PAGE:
Many farmers are saying that these lower prices may force them out of business.  The rationale is that for farmers who don't supply Coles (many small farmers) they will be forced to offer the same or similarly low prices without the benefit of a supply contract with Coles.  And if they don't cut their prices consumers will shop at Coles and they will lose their customers. Lose-lose for growers.

Part of the problem with Coles' cutting prices, is that Coles and Woollies between them hold massive market share: more than 80% of the grocery market between them.  That's a huge market share which means that they control a lot of what is sold and produced in Australia.  

For years farmers, other industry participants and commentators have complained that the large supermarkets are putting pressure on growers to supply larger and larger volumes whilst pushing down prices for food.

The Supermarkets dominate many areas of retail: food, liquor, fuel & they're moving into hardware and want to get into pharmacies (don't get us started on them selling health when they're the largest sellers of tobacco products). Their dominance is such that they are now looking at other areas of the food industry to dominate, such as the supply and processing chain, and home branded products.

One way they can increase their home brand market share is to allocate valuable shelf space to their own products and price them lower, thus taking market share away from the branded products. In the most extreme scenario, the home branded product gains more market share than its branded cousins and the manufacturer of the branded products goes out of business, leaving the consumer with less choice.  And the supermarket with more power over pricing.  The supermarkets get bigger and its competitors gradually disappear.

This all sounds like pie in the sky stuff, but it is exactly what happened in the UK dairy industry.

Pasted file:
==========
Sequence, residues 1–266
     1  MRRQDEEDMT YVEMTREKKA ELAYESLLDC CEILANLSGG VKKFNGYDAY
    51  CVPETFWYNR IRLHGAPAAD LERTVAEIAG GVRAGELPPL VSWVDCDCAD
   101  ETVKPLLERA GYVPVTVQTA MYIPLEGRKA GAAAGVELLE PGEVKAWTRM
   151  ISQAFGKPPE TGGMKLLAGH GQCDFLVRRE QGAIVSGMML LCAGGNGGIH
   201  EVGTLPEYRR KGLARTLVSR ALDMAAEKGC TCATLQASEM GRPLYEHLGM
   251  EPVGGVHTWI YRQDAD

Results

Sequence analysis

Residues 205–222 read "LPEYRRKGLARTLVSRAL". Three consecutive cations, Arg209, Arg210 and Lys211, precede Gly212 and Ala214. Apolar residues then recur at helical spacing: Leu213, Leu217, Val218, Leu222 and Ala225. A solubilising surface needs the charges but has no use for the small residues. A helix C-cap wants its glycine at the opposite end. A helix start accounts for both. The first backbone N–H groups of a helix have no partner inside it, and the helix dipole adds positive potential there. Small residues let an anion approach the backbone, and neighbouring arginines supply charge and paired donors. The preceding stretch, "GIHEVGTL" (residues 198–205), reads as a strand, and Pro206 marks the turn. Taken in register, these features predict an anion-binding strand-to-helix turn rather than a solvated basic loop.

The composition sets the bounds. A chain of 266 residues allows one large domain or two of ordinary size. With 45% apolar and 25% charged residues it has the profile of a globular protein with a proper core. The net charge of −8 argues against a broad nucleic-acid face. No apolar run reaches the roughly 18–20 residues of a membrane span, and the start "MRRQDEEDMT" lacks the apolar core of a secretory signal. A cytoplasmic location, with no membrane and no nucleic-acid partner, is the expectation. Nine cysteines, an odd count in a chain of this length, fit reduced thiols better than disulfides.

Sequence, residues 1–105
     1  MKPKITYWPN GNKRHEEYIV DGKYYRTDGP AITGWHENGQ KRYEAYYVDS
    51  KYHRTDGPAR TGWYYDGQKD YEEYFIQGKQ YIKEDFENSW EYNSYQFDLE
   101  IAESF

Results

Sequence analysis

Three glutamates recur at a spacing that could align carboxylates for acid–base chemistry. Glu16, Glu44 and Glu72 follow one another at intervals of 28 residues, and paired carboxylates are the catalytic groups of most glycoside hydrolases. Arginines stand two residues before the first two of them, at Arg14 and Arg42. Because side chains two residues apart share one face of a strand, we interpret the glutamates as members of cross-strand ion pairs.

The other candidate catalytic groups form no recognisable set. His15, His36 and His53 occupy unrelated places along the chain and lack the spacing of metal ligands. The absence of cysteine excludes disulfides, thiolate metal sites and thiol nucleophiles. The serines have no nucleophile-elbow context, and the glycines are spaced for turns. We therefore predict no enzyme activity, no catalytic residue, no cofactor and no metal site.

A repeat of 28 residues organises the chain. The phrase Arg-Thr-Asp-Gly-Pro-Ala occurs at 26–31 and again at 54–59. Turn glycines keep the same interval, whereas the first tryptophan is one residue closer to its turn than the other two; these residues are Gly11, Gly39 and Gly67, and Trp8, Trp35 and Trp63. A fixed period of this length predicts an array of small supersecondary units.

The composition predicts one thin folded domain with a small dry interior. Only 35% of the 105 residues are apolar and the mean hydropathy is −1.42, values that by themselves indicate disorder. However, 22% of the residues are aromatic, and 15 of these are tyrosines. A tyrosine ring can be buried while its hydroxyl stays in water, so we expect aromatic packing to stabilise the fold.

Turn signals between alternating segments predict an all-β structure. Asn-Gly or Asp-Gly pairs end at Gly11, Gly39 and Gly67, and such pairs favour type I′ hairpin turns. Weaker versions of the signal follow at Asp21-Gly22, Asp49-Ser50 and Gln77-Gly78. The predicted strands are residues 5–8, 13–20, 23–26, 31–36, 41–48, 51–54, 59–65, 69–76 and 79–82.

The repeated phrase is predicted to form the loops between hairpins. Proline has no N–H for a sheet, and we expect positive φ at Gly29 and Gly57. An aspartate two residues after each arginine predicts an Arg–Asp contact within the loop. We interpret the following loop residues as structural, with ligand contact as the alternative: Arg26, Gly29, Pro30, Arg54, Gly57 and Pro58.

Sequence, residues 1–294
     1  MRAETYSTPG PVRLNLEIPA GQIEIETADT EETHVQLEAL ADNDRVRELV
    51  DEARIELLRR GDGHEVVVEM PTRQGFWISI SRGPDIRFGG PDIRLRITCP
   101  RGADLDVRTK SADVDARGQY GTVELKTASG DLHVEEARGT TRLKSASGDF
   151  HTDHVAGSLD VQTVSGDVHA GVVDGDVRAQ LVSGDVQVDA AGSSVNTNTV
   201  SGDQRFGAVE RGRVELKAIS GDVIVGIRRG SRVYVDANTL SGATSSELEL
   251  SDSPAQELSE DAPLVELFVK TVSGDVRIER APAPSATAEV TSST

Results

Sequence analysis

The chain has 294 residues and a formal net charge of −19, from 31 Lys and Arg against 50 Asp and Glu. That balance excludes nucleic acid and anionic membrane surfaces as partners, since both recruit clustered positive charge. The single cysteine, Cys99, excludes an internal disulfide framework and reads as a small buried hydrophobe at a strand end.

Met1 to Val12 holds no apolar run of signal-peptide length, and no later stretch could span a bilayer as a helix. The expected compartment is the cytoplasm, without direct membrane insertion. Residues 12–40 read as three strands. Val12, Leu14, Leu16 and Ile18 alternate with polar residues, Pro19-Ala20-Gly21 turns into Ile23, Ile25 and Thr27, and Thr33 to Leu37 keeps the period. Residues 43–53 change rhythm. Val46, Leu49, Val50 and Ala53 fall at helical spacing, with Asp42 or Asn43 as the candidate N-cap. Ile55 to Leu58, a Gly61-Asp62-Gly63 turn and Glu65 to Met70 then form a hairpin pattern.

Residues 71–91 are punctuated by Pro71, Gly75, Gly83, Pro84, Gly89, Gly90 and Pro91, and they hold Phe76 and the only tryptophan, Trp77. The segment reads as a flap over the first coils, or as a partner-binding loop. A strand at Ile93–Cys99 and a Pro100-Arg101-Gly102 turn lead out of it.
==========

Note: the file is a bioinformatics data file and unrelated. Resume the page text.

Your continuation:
In relation to milk however, it's part of the story.  The processors also play a part in the merry dance.  Processors are paid less money for processing home branded milk.  So as the home brand market share increases, the processors get less for the milk.  They in turn must recoup the losses somehow so naturally would turn to farmers and pay them less for their milk.  Margins are slashed for a grocery item that is already priced lower than water or soft drink.

When Coles and Woolworths started the "milk wars" on Australia Day in 2011, home brand milk was dropped to $1 a litre.  Farmers need to raise, feed and milk cows.  And make a profit. And keep up with inflation.  $1 a litre is currently less than a bottle of water.  Water. Which doesn't come from an animal and you would think, costs a lot less to put into a bottle and sell than milk.

The supermarkets say that they are working with industries to help them become more efficient.  However this doesn't seem to apply to many other industries.  Prices for everything are rising, but farmers are expected to take price cuts for milk because they're not efficient.

It's just not fair. 

This kind of price cutting also encourages farmers to pump their cows full of hormones to keep them milking all year round in conditions that are less than favourable to the animals.  An industry that actively encourages intensive farming seems to be an anomaly when consumers are becoming more concerned about the environment and animal welfare.  Conversely, it also discourages smaller enterprises (organics or those that are kinder to animals and the environment) that charge more for milk & dairy products.  

The milk wars may have claimed their first well-known casualty: Lion processing (who own Pura and Dairy Farmers milk) announced in November 2011 that it made a loss on its plain milk processing. You've got to wonder what it will do to the farmers further down the line over time.

Back to fruit & veggies.

So what happens to the money that is paid to farmers when the price drops 50%? Presumably most supply contracts to the supermarkets have prices for farmers locked in, but what happens when those contracts are up for renewal and the supermarkets start insisting that their revenue/profit from produce has dropped? 

The other concern is that with many other retail businesses, the supermarkets can raise the price of one (say, fuel) to ensure they don't suffer losses.  The result being we pay more for fuel and destroy agriculture in Australia.

Cutting prices of vegetables by 50% is very unlikely to benefit the dwindling number of small growers who do not supply Coles.  They are already having a difficult time surviving and each year, more and more disappear.  We need to do something about it before the 2 supermarkets control 100% of all vegetables bought in Australia. Before it's too late.